On the last Saturday of June, 198 cyclists got into their saddles ready to ‘step on it’ and give their best in the 100th edition of the 23 days and 3,400 kilometers long race, from Porto Vecchio and the beaches of Corsica, through picturesque sunflower and lavender fields, mountains and peaks of Alpe D’Huez, down the narrow cobble stone roads of medieval towns to the center of Paris. These men are touring restlessly across the largest country of Western Europe, all of them with one exact same goal in their minds – to cross the finish line wearing the “maillot jaune,” the famous yellow jersey, and to be crowned with winner’s wreath in the middle of Champs Élysées.
Le Tour de France is one of the toughest, most prestigious, and triumphant — and at the same time most questioned, condemned, and controversial — sport events in the world. We decided to zoom in on the social media conversation around Le Tour and discover the range of opinions about this event.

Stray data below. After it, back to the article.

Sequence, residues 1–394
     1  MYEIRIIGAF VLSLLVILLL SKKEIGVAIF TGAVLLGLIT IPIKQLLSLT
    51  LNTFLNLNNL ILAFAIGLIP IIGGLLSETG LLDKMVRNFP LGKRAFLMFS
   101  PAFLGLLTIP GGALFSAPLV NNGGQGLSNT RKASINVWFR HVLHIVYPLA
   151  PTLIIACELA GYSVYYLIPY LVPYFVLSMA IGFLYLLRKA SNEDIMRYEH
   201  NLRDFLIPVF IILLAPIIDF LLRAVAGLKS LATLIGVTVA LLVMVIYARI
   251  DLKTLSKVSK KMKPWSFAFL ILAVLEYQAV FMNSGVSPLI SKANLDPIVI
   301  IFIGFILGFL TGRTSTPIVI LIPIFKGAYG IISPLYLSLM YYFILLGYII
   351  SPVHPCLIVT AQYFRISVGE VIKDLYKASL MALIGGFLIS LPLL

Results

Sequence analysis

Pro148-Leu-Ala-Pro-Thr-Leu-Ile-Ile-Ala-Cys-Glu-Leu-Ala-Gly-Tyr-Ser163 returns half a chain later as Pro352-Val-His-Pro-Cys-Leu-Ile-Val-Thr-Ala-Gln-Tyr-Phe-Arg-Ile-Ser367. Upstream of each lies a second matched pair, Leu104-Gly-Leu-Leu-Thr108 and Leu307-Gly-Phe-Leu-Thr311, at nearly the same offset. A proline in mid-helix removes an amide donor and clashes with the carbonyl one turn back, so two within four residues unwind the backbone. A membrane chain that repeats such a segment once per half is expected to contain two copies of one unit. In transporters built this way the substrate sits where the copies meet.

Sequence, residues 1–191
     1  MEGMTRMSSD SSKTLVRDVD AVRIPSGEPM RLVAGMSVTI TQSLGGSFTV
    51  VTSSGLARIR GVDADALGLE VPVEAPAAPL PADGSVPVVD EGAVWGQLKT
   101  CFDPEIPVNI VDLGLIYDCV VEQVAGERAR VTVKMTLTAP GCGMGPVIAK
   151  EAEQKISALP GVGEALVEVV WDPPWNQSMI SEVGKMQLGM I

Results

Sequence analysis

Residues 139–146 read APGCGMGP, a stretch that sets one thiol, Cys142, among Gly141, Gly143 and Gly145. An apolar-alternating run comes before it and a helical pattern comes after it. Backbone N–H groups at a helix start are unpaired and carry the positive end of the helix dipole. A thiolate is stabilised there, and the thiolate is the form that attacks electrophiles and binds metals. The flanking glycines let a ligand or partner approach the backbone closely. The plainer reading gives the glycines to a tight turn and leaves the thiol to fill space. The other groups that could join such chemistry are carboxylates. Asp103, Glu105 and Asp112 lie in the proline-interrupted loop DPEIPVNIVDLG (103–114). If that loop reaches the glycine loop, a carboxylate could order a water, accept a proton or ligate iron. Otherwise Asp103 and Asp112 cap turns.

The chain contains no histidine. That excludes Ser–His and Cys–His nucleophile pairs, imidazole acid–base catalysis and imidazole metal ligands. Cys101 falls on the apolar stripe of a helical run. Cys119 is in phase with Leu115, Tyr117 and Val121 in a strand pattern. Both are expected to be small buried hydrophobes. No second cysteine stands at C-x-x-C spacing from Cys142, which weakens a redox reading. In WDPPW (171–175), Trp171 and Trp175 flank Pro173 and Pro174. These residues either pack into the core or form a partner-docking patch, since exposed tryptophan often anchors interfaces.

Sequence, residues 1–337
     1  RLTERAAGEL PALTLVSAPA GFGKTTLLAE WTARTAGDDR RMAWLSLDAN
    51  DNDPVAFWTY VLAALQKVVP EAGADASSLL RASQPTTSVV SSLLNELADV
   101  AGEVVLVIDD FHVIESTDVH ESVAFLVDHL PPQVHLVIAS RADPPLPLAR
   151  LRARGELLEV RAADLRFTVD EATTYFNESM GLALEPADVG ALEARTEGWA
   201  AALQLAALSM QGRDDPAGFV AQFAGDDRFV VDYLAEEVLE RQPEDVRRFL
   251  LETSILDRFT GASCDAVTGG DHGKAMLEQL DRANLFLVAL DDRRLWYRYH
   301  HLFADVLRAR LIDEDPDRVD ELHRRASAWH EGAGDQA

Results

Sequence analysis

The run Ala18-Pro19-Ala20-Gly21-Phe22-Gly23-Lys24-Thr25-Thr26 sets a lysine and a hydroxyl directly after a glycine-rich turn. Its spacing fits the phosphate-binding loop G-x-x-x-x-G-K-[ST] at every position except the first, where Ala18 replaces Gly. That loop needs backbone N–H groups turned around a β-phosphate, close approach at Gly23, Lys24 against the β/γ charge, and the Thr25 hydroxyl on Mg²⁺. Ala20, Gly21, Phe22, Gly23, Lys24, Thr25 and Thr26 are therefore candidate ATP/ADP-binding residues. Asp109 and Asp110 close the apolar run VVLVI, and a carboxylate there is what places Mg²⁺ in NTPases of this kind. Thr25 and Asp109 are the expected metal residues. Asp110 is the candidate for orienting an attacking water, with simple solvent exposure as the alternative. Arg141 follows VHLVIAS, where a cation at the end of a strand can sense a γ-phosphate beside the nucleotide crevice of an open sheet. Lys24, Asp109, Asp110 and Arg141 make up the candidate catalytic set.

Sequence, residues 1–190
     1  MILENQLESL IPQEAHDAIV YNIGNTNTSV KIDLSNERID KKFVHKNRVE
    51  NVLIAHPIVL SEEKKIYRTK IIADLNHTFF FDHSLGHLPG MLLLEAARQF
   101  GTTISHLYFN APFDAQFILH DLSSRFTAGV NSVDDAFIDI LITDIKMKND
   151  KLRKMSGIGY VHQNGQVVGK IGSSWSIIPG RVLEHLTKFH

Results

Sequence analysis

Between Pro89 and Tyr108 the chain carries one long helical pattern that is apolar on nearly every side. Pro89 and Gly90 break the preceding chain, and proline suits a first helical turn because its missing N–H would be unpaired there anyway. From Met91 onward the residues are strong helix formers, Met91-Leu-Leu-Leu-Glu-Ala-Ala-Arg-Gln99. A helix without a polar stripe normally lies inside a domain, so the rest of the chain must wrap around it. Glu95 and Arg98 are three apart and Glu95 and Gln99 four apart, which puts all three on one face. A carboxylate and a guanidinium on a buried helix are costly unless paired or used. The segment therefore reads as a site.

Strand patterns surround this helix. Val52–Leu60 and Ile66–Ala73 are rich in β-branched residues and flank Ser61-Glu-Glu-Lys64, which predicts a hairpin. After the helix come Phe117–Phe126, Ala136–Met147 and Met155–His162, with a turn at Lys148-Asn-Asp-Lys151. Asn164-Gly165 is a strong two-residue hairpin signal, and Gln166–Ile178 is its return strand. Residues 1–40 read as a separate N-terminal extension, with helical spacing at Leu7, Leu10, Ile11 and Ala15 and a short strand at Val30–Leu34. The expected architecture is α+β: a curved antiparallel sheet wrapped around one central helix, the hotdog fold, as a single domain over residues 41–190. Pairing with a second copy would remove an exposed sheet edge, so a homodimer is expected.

As we created a unique set of analyses engaging two largest social media networks, Twitter and Facebook, Crimson Hexagon’s ForSight™ allowed us to look at the conversation from couple different angles and thanks to our platform’s flexible set-up functionalities and filtering system, we were able to get under radar not only overall global conversation, but we focused on different geographic regions and distilled out TDF posts coming from USA, UK and France.
We started to track the conversation as of June, four weeks prior to the first race day, in order to identify trends and dynamics of the initial ‘pre-event’ buzz. As of today almost one million posts returned based on our query globally.
Recommended for YouWebcast: A Week in the Life of an Agile Creative Team
Our Twitter firehose access allows us to breakdown the conversation based on the geographic location and distill the most dominant regions that are shaping the cycling discussion. However, we should remember that not everybody who owns the Twitter account will fill out their locale or turn on the locator on their mobile device. But even the volume filtered by the geo-location gives you a great representative sample and helps you to understand how busy and engaging this topic is in different parts of world.